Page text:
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What is ALM ?

ALM is a comprehensive and dynamic framework for measuring, monitoring and managing the market risk of a bank. It is the management of structure of balance sheet (liabilities and assets) in such a way that the net earning from interest is maximised within the overall risk-preference (present and future) of the institutions. The ALM functions extend to liquidly risk management, management of market risk, trading risk management, funding and capital planning and profit planning and growth projection. Benefits of ALM - It is a tool that enables bank managements to take business decisions in a more informed framework with an eye on the risks that bank is exposed to. It is an integrated approach to financial management, requiring simultaneous decisions about the types of amounts of financial assets and liabilities - both mix and volume - with the complexities of the financial markets in which the institution operates

The concept of ALM is of recent origin in India. It has been introduced in Indian Banking industry w.e.f. 1st April, 1999. ALM is concerned with risk management and provides a comprehensive and dynamic framework for measuring, monitoring and managing liquidity, interest rate, foreign exchange and equity and commodity price risks of a bank that needs to be closely integrated with the banks business strategy. Therefore, ALM is considered as an important tool for monitoring, measuring and managing the market risk of a bank. With the deregulation of interest regime in India, the Banking industry has been exposed to the market risks. To manage such risks, ALM is used so that the management is able to assess the risks and cover some of these by taking appropriate decisions. The assets and liabilities of the banks balance sheet are nothing but future cash inflows or outflows. With a view to measure the liquidity and interest rate risk, banks use of maturity ladder and then calculate cumulative surplus or deficit of funds in different time slots on the basis of statutory reserve cycle, which are termed as time buckets.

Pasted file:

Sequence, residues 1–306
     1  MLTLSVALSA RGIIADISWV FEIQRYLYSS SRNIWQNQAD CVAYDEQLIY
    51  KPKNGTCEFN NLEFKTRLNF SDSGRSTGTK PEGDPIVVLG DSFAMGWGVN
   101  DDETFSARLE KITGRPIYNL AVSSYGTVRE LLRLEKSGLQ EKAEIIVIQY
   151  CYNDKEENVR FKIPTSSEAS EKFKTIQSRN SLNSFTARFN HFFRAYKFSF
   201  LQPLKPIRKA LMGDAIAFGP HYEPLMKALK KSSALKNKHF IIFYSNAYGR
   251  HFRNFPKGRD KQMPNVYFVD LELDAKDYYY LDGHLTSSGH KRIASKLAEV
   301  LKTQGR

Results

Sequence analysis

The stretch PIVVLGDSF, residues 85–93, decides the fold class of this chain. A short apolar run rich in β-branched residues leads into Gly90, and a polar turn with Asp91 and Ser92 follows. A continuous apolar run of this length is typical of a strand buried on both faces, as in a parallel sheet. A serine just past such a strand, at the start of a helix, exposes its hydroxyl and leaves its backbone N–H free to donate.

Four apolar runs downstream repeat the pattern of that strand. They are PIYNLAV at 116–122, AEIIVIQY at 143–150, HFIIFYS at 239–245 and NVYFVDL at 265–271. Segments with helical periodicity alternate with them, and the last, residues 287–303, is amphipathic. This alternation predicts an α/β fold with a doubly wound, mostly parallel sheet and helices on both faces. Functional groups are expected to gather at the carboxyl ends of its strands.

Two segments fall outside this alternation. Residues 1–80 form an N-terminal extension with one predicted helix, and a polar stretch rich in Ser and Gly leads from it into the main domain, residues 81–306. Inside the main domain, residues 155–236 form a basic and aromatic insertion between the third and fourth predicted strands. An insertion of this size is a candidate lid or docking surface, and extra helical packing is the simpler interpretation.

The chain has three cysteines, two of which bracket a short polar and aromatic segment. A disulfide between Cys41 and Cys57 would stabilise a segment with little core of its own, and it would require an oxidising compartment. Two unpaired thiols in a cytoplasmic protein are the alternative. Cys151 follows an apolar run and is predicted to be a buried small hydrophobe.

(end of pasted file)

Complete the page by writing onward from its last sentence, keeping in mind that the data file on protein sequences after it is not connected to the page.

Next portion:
As a measure of liquidity management, banks are required to monitor their cumulative mismatches across all time buckets in their Statement of Structural Liquidity by establishing internal prudential limits with the approval of the Board / Management Committee. The ALM process rests on three pillars: i. ALM Information Systems o Management Information Systems o Information availability, accuracy, adequacy and expediency ALM Organisation o Structure and responsibilities o Level of top management involvement ALM Process o Risk parameters o Risk identification o Risk measurement

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Risk management Risk policies and tolerance levels.